Ivor's Insights Part 24


Part Twenty Four

   The year of 1951 also saw the Peak District being designated as Britain ’s first National Park. This was followed in the same year by the Lake District and Snowdon receiving National Park status. The man who bought Radar – Radio, Detection and Ranging - to the world, Sir Robert Watson-Watt was, quite rightly, awarded fifty thousand pounds in 1951 by a grateful Government. The whole world owes a massive debt to this Scotsman born 1892 in Brechin and died 1973 in Inverness .

   This was also the year when the Government abolished Identity Cards which for security reason had been introduced at the outbreak of the war in 1939. Cheese rationing was cut to one ounce per person per week but Tea rationing ended much to the delight of the whole nation. On July 5th Central London ’s last tram made its final journey from Woolwich to New Cross. I remember when as a small boy, being taken by my parents, on the trams when visiting my Mothers sister and family in Peckham.  Tram riding was a big novelty for me and my brothers on this noisy but reliable mode of transport.

    A shock came when the then Chancellor of the Exchequer, Hugh Gaitskill, announced there would be a Prescription charge for Dentures and Spectacles. This charge, which was in contradiction of the National Health pledge of free medical treatment, was said to be due to the financial demands relevant at the time. This surprise act upset Aneurin Bevan, the man who introduced the National Health Service in 1948, so much that he resigned his post as Minister of Labour in protest.

   Meanwhile in London’s West End Agatha Christie’s play ‘The Mousetrap’ starring  husband and wife team Richard Attenborough (later Lord Attenborough – 1923-2014) and Sheila Sim (1922-2016) opened at the Ambassadors theatre on November 25th1951  It switched to St. Martin’s theatre in 1974. Now, in 2017 over 66 years later, it is still running at St. Martins London, obviously not with the same actors and certainly not with the same cheese!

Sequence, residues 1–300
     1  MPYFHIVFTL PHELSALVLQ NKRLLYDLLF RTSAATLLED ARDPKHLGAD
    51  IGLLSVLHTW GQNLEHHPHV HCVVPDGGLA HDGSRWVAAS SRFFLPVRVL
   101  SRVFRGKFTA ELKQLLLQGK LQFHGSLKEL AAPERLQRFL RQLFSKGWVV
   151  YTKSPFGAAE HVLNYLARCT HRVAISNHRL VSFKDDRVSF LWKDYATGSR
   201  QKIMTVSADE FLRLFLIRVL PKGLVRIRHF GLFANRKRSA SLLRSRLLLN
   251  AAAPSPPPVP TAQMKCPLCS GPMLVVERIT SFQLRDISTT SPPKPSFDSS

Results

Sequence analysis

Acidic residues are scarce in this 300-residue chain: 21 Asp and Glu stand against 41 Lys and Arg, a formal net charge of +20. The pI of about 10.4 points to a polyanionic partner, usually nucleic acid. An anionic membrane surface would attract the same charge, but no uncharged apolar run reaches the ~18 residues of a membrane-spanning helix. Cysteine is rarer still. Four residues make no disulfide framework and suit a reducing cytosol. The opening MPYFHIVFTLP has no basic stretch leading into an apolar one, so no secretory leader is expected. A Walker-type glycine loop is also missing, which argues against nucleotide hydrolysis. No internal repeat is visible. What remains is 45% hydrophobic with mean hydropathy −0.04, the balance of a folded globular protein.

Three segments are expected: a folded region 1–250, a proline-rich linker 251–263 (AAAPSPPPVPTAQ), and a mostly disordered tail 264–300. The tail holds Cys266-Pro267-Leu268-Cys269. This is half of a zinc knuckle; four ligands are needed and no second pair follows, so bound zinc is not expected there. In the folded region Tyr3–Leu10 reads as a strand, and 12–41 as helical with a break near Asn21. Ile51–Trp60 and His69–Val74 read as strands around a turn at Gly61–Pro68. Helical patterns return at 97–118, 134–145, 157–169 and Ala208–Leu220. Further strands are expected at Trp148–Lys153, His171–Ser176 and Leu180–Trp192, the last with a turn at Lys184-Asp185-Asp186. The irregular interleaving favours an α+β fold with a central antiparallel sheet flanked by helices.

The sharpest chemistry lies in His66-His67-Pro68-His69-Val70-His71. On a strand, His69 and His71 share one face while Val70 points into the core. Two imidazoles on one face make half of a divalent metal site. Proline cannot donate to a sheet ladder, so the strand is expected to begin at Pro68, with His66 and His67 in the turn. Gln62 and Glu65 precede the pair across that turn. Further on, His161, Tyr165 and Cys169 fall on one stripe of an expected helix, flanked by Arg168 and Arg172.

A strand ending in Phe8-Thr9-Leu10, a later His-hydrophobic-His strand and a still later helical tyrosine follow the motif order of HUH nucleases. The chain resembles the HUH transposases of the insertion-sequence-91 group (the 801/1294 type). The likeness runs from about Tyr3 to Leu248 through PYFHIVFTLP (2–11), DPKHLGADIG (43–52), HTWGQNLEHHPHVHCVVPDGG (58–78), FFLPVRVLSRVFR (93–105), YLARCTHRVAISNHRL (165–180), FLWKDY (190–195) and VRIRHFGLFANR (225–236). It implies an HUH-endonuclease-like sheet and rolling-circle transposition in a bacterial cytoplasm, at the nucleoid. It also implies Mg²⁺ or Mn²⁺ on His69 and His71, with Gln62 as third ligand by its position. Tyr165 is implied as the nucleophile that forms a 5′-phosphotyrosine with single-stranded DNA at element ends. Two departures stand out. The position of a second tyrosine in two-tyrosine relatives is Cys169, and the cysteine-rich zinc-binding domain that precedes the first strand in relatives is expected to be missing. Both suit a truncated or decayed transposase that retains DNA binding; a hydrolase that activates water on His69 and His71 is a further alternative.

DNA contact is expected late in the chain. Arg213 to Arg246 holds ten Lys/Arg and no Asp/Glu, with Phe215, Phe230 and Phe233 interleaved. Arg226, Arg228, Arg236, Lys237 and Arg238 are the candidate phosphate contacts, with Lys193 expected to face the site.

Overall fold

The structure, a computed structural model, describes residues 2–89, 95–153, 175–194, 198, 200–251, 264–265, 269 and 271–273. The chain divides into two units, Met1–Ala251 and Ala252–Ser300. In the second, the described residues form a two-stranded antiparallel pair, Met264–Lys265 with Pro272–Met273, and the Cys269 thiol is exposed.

The next year, 1952 started with a shock when on February 6th King George VI died peacefully in his sleep. Princess Elizabeth and Prince Philip quickly returned from their holiday in Kenya . The much loved King, who reluctantly became King when his brother King Edward VIII abdicated in 1936, was King throughout the Second World War, died from lung cancer aged 56 lay in state in Westminster Hall where thousands of the general public paid their respects. He was buried on February 15th in St. George’s Chapel, Windsor Castle .

   On March 28th 1952 the RAF decided the country could manage without me and I was duly released from my two years National Service and returned to Civvy Street .